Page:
He is in conversation with Poetry Exchange team members, Fiona Bennett and Roy McFarlane.
Gregory Leadbetter is a poet and critic. He is the author of two poetry collections, Maskwork (2020) and The Fetch (2016), both with Nine Arches Press, as well as the pamphlet The Body in the Well (HappenStance Press, 2007), and (with photographs by Phil Thomson) Balanuve (Broken Sleep, 2021).
His book Coleridge and the Daemonic Imagination (Palgrave Macmillan, 2011) won the University English Book Prize 2012.
The 'gift' reading of Kubla Khan is read by Roy McFarlane.
by Samuel Taylor Coleridge
Or, a vision in a dream. A Fragment.
In Xanadu did Kubla Khan
A stately pleasure-dome decree:
Where Alph, the sacred river, ran
Through caverns measureless to man
Down to a sunless sea.
So twice five miles of fertile ground
With walls and towers were girdled round;
And there were gardens bright with sinuous rills,
Where blossomed many an incense-bearing tree;
And here were forests ancient as the hills,
Enfolding sunny spots of greenery.
But oh! that deep romantic chasm which slanted
Down the green hill athwart a cedarn cover!
A savage place! as holy and enchanted
As e’er beneath a waning moon was haunted
By woman wailing for her demon-lover!
And from this chasm, with ceaseless turmoil seething,
As if this earth in fast thick pants were breathing,
A mighty fountain momently was forced:
Amid whose swift half-intermitted burst
Huge fragments vaulted like rebounding hail,
Or chaffy grain beneath the thresher’s flail:
And mid these dancing rocks at once and ever
It flung up momently the sacred river.
Five miles meandering with a mazy motion
Through wood and dale the sacred river ran,
Then reached the caverns measureless to man,
And sank in tumult to a lifeless ocean;
And ’mid this tumult Kubla heard from far
Ancestral voices prophesying war!
The shadow of the dome of pleasure
Floated midway on the waves;
Where was heard the mingled measure
From the fountain and the caves.
It was a miracle of rare device,
A sunny pleasure-dome with caves of ice!
A damsel with a dulcimer
In a vision once I saw:
It was an Abyssinian maid
And on her dulcimer she played,
Singing of Mount Abora.
Could I revive within me
Her symphony and song,
To such a deep delight ’twould win me,
That with music loud and long,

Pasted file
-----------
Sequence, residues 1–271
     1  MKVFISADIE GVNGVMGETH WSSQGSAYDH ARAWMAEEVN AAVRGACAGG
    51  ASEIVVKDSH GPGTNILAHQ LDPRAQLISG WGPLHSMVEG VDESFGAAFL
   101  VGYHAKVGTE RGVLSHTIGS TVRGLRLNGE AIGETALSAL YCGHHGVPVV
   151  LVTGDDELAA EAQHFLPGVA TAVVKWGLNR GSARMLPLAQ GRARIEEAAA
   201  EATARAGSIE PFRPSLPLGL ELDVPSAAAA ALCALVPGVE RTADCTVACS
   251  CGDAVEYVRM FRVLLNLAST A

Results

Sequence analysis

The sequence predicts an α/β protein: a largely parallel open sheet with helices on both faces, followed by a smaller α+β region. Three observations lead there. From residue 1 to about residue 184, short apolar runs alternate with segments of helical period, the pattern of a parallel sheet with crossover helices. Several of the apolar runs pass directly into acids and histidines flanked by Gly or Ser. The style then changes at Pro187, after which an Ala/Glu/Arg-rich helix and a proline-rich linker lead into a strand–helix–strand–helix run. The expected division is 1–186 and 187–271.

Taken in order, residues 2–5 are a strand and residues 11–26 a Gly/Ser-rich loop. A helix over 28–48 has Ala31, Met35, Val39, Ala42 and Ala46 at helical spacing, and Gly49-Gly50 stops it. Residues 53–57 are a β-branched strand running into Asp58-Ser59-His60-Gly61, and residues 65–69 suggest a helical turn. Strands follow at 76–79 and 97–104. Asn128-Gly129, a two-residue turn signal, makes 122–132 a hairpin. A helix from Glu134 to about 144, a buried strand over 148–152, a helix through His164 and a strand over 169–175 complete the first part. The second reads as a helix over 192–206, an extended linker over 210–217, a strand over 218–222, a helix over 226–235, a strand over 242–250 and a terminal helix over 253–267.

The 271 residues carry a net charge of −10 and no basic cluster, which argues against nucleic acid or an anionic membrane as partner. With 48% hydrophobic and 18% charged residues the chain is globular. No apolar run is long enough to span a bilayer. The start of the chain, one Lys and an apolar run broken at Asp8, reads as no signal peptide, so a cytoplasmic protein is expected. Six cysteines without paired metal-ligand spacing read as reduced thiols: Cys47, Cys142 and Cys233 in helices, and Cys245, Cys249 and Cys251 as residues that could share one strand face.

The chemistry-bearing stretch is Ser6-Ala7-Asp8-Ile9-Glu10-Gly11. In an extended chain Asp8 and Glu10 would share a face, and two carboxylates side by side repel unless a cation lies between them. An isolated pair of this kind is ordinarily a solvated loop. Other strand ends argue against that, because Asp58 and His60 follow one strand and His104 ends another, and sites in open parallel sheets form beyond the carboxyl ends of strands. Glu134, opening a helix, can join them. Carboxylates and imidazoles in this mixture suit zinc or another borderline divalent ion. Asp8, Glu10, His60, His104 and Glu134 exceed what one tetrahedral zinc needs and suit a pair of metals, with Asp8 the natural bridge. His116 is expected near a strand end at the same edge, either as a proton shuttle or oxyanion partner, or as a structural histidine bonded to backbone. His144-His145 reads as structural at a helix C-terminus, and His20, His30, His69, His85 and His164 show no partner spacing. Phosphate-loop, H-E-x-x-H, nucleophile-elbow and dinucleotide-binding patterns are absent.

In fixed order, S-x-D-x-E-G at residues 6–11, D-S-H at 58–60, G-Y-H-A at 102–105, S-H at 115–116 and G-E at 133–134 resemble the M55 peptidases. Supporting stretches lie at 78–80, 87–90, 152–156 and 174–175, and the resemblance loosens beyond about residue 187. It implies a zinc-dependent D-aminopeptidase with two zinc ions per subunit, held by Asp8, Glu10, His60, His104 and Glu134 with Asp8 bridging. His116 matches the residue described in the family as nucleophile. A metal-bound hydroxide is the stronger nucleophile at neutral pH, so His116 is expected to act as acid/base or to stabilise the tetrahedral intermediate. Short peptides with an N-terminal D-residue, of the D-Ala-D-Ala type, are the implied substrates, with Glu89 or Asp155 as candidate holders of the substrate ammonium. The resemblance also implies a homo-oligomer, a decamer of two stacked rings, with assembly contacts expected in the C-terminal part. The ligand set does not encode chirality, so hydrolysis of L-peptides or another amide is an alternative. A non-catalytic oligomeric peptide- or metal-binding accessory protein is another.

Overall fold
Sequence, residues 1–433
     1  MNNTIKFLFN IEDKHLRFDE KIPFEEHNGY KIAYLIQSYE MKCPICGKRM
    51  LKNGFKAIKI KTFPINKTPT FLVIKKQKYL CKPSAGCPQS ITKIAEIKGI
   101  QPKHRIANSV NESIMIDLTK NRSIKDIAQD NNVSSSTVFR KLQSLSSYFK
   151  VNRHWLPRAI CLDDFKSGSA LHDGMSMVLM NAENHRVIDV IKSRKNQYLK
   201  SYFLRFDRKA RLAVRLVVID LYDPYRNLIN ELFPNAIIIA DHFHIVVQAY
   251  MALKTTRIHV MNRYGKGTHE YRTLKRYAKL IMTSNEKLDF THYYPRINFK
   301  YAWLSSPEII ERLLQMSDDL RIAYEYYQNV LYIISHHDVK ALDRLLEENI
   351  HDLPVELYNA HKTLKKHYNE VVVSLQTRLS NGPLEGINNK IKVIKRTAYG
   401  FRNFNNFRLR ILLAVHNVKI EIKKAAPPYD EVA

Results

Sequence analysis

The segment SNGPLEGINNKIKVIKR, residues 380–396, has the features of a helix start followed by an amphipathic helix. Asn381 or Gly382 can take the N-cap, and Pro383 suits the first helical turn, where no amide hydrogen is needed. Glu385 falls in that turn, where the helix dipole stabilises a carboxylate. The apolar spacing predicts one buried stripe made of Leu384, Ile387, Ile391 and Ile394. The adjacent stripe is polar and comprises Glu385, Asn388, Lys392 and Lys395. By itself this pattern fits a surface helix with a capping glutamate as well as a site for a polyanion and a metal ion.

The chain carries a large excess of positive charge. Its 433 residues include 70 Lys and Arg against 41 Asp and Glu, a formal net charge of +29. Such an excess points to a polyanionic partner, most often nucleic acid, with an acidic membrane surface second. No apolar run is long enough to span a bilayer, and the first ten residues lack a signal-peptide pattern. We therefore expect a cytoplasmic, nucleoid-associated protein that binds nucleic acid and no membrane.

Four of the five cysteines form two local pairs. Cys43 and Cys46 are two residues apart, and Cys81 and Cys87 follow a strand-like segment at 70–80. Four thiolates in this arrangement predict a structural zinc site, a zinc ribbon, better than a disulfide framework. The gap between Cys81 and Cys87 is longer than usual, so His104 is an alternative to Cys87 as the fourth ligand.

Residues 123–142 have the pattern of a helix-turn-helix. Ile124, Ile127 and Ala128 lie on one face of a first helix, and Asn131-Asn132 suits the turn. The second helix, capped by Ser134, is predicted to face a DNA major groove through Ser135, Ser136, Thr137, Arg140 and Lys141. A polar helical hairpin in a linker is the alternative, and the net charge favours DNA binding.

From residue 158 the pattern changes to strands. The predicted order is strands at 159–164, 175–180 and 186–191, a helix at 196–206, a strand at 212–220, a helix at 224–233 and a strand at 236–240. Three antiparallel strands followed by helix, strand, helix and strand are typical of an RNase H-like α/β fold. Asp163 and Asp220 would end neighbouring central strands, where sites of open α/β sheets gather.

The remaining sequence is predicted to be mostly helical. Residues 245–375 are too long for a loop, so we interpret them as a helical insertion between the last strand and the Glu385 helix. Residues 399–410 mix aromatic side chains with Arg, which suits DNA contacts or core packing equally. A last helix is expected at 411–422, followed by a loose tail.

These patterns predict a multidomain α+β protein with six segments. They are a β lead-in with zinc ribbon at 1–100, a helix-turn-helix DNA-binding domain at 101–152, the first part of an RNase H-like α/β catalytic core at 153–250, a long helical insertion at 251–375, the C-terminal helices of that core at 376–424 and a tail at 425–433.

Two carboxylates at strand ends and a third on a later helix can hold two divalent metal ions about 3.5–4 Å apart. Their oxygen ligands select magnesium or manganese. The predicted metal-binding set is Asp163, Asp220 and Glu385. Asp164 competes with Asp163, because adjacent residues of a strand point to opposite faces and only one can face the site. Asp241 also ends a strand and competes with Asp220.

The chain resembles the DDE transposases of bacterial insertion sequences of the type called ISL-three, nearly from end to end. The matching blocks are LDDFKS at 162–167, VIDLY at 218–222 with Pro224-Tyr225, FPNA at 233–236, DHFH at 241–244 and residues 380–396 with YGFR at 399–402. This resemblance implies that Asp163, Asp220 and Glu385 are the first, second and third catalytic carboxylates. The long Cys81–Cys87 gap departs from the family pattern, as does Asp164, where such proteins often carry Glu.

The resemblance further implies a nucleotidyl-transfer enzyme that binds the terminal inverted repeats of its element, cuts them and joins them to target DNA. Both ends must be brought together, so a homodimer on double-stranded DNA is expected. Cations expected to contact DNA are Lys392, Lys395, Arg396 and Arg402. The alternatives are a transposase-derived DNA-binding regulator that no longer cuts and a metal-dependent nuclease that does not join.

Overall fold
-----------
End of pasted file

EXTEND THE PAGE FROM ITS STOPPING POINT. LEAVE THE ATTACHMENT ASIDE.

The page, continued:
I would build that dome in air,
That sunny dome! those caves of ice!
And all who heard should see them there,
And all should cry, Beware! Beware!
His flashing eyes, his floating hair!
Weave a circle round him thrice,
And close your eyes with holy dread
For he on honey-dew hath fed,
And drunk the milk of Paradise.
Old Mary by Gwendolyn Brooks - A Friend to Pete
In this episode, Pete Stones talks with us about the poem that has been a friend to him – 'Old Mary' by Gwendolyn Brooks.
Pete joined The Poetry Exchange at the Birmingham & Midland Institute - one of our first in-person exchanges since the pandemic.
He is in conversation with Poetry Exchange team members, Fiona Bennett and John Prebble.
'Old Mary' is read by Pete Stones and Fiona Bennett.
by Gwendolyn Brooks
My last defense
Is the present tense.
It little hurts me now to know
I shall not go
Cathedral-hunting in Spain
Nor cherrying in Michigan or Maine.
Reproduced by consent of Brooks Permissions.
Eve Remembering by Toni Morrison - A Friend to Maria
In this episode, Dr Maria Augusta Arruda talks with us about the poem that has been a friend to her – 'Eve Remembering' by Toni Morrison.
Maria joined The Poetry Exchange online for one of our Lockdown Exchanges. She is in conversation with Poetry Exchange team members, Fiona Bennett and Michael Shaeffer.
'Eve Remembering' is read by Maria Augusta Arruda and Fiona Bennett.
by Toni Morrison
I tore from a limb fruit that had lost its green.
My hands were warmed by the heat of an apple
Fire red and humming.
I bit sweet power to the core.
How can I say what it was like?
The taste! The taste undid my eyes
And led me far from the gardens planted for a child
To wildernesses deeper than any master’s call.
Now these cool hands guide what they once caressed;
Lips forget what they have kissed.
My eyes now pool their light
Better the summit to see.
I would do it all over again: